As briefly demonstrated in this graphic. Prolotherapy injections share many of the healing characteristics of testosterone. We mention that both Prolotherapy and testosterone help fibroblasts (a connective tissue cell that produces collagen and other fibers to proliferate and subsequently produce strong ligament strength.


As briefly demonstrated in this graphic. Prolotherapy injections share many of the healing characteristics of testosterone. We mention that both Prolotherapy and testosterone help fibroblasts (a connective tissue cell which produces collagen and other fibers to proliferate and subsequently produce strong ligament strength. 

As briefly demonstrated in this graphic. Prolotherapy injections share many of the healing characteristics of testosterone. We mention that both Prolotherapy and testosterone help fibroblasts (a connective tissue cell that produces collagen and other fibers to proliferate and subsequently produce strong ligament strength. 

Do you have a question about this article? You can get help and information from our Caring Medical Staff

1 Marudhai S, Patel M, Subas SV, Ghani MR, Busa V, Dardeir A, Cancarevic I. Long-term Opioids Linked to Hypogonadism and the Role of Testosterone Supplementation Therapy. Cureus. 2020 Oct;12(10). [Google Scholar]
2
Yassin DJ, Doros G, Hammerer PG, Yassin AA. Long‐term testosterone treatment in elderly men with hypogonadism and erectile dysfunction reduces obesity parameters and improves metabolic syndrome and health‐related quality of life. The journal of sexual medicine. 2014 Jun;11(6):1567-76. [Google Scholar]
3 de Vries F, Bruin M, Lobatto DJ, Dekkers OM, Schoones JW, van Furth WR, Pereira AM, Karavitaki N, Biermasz NR, Zamanipoor Najafabadi AH. Opioids and Their Endocrine Effects: A Systematic Review and Meta-analysis. J Clin Endocrinol Metab. 2020 Mar 1;105(3):1020–9.  [Google Scholar]
4 Miner M, Kim ED. Cardiovascular disease and male sexual dysfunction. Asian Journal of Andrology. 2015 Jan;17(1):3. [Google Scholar]
5 Aggarwal N, Kherada S, Gocher S, Sohu M. A study of assessment of sexual dysfunction in male subjects with opioid dependence. Asian journal of psychiatry. 2016 Oct;23:17. [Google Scholar]
6 Li T, Wu C, Fu F, Qin F, Wei Q, Yuan J. Association between use of aspirin or non-aspirin non-steroidal anti-inflammatory drugs and erectile dysfunction: A systematic review. Medicine. 2018 Jul;97(28). [Google Scholar]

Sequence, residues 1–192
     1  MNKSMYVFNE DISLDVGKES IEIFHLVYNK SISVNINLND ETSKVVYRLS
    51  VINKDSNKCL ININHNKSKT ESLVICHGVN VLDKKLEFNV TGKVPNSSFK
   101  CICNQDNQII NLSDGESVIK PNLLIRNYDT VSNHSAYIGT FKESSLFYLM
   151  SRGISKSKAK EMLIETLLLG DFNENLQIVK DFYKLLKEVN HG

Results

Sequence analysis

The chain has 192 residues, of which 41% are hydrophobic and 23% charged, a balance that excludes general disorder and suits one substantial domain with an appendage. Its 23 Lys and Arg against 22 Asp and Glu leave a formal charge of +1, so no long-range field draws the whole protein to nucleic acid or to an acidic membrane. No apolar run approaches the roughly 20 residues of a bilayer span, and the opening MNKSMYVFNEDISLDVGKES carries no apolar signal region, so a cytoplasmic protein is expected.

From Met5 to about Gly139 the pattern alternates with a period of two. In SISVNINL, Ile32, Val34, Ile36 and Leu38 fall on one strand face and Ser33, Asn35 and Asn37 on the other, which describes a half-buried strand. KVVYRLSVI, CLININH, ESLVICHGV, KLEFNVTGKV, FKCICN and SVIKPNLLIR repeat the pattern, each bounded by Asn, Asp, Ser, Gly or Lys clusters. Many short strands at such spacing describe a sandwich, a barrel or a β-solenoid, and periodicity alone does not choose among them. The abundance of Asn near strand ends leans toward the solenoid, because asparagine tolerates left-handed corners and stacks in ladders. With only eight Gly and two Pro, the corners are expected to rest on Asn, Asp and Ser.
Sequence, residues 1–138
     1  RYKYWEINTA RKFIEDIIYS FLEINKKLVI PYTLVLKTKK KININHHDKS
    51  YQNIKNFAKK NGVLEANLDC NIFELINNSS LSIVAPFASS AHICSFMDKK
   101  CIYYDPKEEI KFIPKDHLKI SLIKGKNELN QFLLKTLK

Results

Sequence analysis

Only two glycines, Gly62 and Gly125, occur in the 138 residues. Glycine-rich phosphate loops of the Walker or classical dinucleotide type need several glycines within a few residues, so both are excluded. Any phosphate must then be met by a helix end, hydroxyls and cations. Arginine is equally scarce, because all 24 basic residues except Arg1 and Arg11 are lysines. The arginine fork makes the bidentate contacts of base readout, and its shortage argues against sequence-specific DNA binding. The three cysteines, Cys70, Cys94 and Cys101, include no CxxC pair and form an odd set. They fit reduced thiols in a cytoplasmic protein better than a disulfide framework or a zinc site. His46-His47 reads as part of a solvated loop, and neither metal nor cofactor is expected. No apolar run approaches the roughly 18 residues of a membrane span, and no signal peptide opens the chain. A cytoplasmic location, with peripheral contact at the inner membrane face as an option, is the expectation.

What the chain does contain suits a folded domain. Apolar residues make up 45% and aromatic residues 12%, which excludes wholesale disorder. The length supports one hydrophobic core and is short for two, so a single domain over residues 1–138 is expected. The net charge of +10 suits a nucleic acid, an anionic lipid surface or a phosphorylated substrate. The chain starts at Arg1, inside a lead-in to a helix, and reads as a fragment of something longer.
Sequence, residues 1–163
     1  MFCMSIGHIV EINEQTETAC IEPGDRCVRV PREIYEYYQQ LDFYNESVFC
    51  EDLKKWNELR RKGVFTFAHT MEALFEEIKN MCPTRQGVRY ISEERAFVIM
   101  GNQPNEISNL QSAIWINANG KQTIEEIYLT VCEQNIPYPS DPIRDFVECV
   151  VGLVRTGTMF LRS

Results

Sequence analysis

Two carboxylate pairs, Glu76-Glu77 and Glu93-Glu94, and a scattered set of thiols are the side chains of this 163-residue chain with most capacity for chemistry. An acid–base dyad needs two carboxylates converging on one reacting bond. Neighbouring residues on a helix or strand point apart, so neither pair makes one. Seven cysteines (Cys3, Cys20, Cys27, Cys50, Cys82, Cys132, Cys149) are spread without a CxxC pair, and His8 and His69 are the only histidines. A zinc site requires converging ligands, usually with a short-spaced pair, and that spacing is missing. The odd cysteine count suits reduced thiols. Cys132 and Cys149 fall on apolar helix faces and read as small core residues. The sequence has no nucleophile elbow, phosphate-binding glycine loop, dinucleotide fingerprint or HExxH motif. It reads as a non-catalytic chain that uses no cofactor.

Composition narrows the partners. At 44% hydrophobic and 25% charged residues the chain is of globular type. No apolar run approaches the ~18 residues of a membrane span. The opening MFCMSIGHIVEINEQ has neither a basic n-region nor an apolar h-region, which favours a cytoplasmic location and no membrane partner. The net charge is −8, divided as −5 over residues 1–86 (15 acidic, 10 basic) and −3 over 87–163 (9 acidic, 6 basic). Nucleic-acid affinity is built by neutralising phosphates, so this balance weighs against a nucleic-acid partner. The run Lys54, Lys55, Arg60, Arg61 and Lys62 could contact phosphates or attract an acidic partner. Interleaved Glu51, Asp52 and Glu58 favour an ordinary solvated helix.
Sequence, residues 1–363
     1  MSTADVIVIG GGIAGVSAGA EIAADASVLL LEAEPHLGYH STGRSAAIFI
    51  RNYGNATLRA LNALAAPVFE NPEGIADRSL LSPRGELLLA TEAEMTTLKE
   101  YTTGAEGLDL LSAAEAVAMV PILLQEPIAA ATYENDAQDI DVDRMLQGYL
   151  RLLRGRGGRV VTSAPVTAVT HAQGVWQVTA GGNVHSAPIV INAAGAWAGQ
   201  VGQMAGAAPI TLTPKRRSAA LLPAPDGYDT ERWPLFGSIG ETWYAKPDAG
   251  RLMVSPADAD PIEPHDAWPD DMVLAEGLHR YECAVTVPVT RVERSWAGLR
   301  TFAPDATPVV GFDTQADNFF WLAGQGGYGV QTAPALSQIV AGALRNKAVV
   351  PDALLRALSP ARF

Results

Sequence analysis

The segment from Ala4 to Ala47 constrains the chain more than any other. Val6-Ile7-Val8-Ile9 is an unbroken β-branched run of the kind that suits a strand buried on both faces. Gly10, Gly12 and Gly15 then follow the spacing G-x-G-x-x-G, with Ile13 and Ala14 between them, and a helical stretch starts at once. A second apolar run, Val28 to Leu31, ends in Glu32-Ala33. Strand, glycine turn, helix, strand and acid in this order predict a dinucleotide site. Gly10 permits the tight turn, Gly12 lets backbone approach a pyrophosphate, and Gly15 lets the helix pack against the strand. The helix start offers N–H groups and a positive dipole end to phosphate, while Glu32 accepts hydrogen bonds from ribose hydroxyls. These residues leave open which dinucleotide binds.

7 Ajo R, Segura A, Inda MM, Planelles B, Martínez L, Ferrández G, Sánchez A, Margarit C, Peiró AM. Opioids increase sexual dysfunction in patients with non-cancer pain. The journal of sexual medicine. 2016 Sep 1;13(9):1377-86. [Google Scholar]
8 Ajo R, Segura A, Margarit C, Ballester P, Martínez E, Ferrández G, Sánchez-Barbie Á, Peiró AM. Erectile dysfunction in patients with chronic pain treated with opioids. Medicina Clínica (English Edition). 2017 Jul 21;149(2):49-54. [Google Scholar]
9 Hanna F, Ebeling PR, Wang Y, O’Sullivan R, Davis S, Wluka AE, Cicuttini FM. Factors influencing longitudinal change in knee cartilage volume measured from magnetic resonance imaging in healthy men. Ann Rheum Dis. 2005 Jul;64(7):1038-42. [Google Scholar]
10 Da Silva JA, Larbre JP, Spector TD, Perry LA, Scott DL, Willoughby DA. Protective effect of androgens against inflammation induced cartilage degradation in male rodents. Ann Rheum Dis. 1993 Apr;52(4):285-91. [Google Scholar]
11 Basaria S, Travison TG, Alford D, Knapp PE, Teeter K, Cahalan C, Eder R, Lakshman K, Bachman E, Mensing G, Martel MO, Le D, Stroh H, Bhasin S, Wasan AD, Edwards RR. Effects of testosterone replacement in men with opioid-induced androgen deficiency: a randomized controlled trial. Pain. 2015 Feb;156(2):280-8.[Google Scholar]
12 Coluzzi F, Billeci D, Maggi M, Corona G. Testosterone deficiency in non-cancer opioid-treated patients. J Endocrinol Invest. 2018;41(12):1377-1388. [Google Scholar]